• Declining percentages in participation from the 1972-1980 to the 1982-1990 period, followed by rising percentages for the 1992-2000 period, can be observed in 8 of the course codes for Education, reflecting the change in the proportion of undergraduates majoring in Education in the three grade cohorts (table 3.1 and table 2.2).
  • Rising percentages in participation from the 1972-1980 to the 1982-1990 period, followed by falling percentages for the 1992-2000 period can be observed in 11 of the codes in Business Administration, reflecting the change in the proportion of undergraduates majoring in business fields (tables 3.1 and 2.2).
  • The 10 course categories with the highest average number of credits earned by 1992 12th graders who subsequently earned more than 10 postsecondary credits are Student Teaching (9.9 credits); Advanced Accounting, which includes auditing and cost accounting (8.3 credits); Music Performance (7.4 credits); introductory and intermediate level Spanish (7.3 credits); Organic Chemistry (6.9 credits); introductory and intermediate level French (6.8 credits); Calculus (6.6 credits); General Physics (6.6 credits); General Chemistry (6.5 credits); and Theater: Acting, Directing (6.3 credits) (table 3.2). These cases reflect either categories in which students take courses more than once (in the performing arts), categories in which courses are presented in multi-term form (in the sciences, mathematics, and foreign languages), or categories that combine topics and/or levels of a subject (Advanced Accounting and lower level foreign languages).
  • The 10 course categories enrolling the highest percentage of 1992 12th graders in their first calendar year of postsecondary education are English Composition (67.1 percent), General Psychology (39.7 percent), College Algebra (19.6 percent), Introduction to Sociology (18.4 percent), U.S. History Surveys (17.5 percent), General Biology (17.2 percent), Physical Education Activities (16.1 percent), General Chemistry (15.2 percent), Freshman Orientations (14.9 percent), and Remedial English/Writing (14.2 percent) (table 3.3). These reflect student choices within the core distribution requirements at many institutions of higher education.
  • Higher percentages of 1992 12th graders who started in community colleges enrolled in pre-collegiate mathematics courses during their first calendar year of attendance than was the case for all postsecondary students in the cohort. This contrast, along with comparative enrollment rates in Remedial English/Writing and Remedial Reading, confirms the dominant role of community colleges in remediation for entering postsecondary students (table 3.3).
  • When 108 aggregates of the 1,178 course categories in the 2003 taxonomy are constructed, and the participation rates of 1982 and 1992 12th graders who subsequently earned more than 10 postsecondary credits are compared, one finds (1) significant increases in participation rates in ethnic and culture studies, generalized introductions to science, women's studies, Spanish language, crime studies and services, ethics, environment and natural resources, and computer applications; and (2) major decreases in participation in all business fields, computer programming, and remedial English/writing (table 3.4).
  • When 108 aggregates of the 1,178 course categories in the 2003 taxonomy are constructed and the postsecondary course-taking of men and women in the high school class of 1992 are compared, clear cases of gender segmentation can be observed in engineering and engineering technologies, education, family/child studies and services, biology service courses, and nutrition, for example (table 3.5).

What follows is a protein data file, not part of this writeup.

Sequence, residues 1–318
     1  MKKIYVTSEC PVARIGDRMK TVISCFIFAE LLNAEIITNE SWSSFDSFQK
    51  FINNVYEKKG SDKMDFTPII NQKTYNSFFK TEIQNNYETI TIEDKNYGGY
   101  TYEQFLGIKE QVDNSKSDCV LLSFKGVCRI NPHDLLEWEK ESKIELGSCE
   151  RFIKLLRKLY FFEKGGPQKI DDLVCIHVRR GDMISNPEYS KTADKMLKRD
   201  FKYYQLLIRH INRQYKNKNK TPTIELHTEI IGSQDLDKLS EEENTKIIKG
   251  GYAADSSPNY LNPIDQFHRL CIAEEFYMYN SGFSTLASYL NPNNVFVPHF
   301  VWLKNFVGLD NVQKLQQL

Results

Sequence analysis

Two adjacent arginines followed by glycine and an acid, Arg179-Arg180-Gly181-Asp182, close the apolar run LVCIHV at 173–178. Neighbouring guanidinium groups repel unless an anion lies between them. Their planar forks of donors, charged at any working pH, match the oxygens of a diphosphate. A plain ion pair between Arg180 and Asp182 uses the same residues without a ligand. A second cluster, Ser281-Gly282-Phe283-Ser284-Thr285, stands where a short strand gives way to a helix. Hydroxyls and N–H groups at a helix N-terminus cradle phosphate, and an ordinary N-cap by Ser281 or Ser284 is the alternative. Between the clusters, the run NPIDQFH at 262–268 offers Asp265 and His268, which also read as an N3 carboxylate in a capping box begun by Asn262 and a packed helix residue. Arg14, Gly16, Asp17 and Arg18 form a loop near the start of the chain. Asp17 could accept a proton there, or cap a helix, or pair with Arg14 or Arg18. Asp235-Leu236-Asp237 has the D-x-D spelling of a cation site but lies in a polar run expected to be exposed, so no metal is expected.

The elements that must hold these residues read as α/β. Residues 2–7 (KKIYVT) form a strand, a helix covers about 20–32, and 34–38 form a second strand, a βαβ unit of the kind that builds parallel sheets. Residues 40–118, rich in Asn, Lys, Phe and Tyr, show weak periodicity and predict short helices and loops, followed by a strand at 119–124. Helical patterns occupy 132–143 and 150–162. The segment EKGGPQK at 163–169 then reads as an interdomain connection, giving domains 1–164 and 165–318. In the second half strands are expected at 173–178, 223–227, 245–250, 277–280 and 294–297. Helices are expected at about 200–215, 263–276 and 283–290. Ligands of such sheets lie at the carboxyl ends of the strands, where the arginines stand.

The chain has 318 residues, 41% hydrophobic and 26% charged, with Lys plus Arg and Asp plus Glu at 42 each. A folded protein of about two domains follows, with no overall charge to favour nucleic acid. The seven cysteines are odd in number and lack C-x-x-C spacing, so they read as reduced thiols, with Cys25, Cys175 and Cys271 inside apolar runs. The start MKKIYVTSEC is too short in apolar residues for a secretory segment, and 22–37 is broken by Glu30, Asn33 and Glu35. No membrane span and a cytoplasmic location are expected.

• When 108 aggregates of the 1,178 course categories in the 2003 taxonomy are constructed and postsecondary course-taking for 12th graders of the high school class of 1992 is compared across four major race/ethnicity groupings, there are no statistically significant differences in participation rates in such widely disparate aggregates as nutrition, office occupations, graphics and design, and art history, for example (table 3.6).

Undergraduate Curriculum by Occupation: The Case of School Teachers From the High School Class of 1992

  • Of the 1992 12th graders who became school teachers by 1999, 51 percent majored in education; 18 percent majored in another field with a minor in education; and 15 percent majored in another field and prepared for school teaching after earning their bachelor's degree. In 1999, 15 percent were teaching without any education program background (table 4.1).
  • In considering the empirical core curriculum of 1992 12th graders who became school teachers, both Theology and Bible Study are on the list of the top 30 courses, indicating that teachers in religious education are included. Likewise, Music Performance and Basic Musicianship courses are included, indicating that music teachers working in multiple settings are included (table 4.2).
  • In considering the undergraduate curriculum of school teachers in terms of the number of credits earned in different course clusters: 16 percent earned 11 or more credits in foreign languages; 41 percent earned 11 or more credits in science, and 42 percent did not earn any credits in computer-related courses (table 4.3).
  • The post-baccalaureate course work of 1992 12th graders who became school teachers and earned credits after the bachelor's degree consists exclusively of education courses, for example, Education Psychology, Curriculum/Curriculum Theory, and Reading Education (table 4.4).

 
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Last Modified: 06/02/2004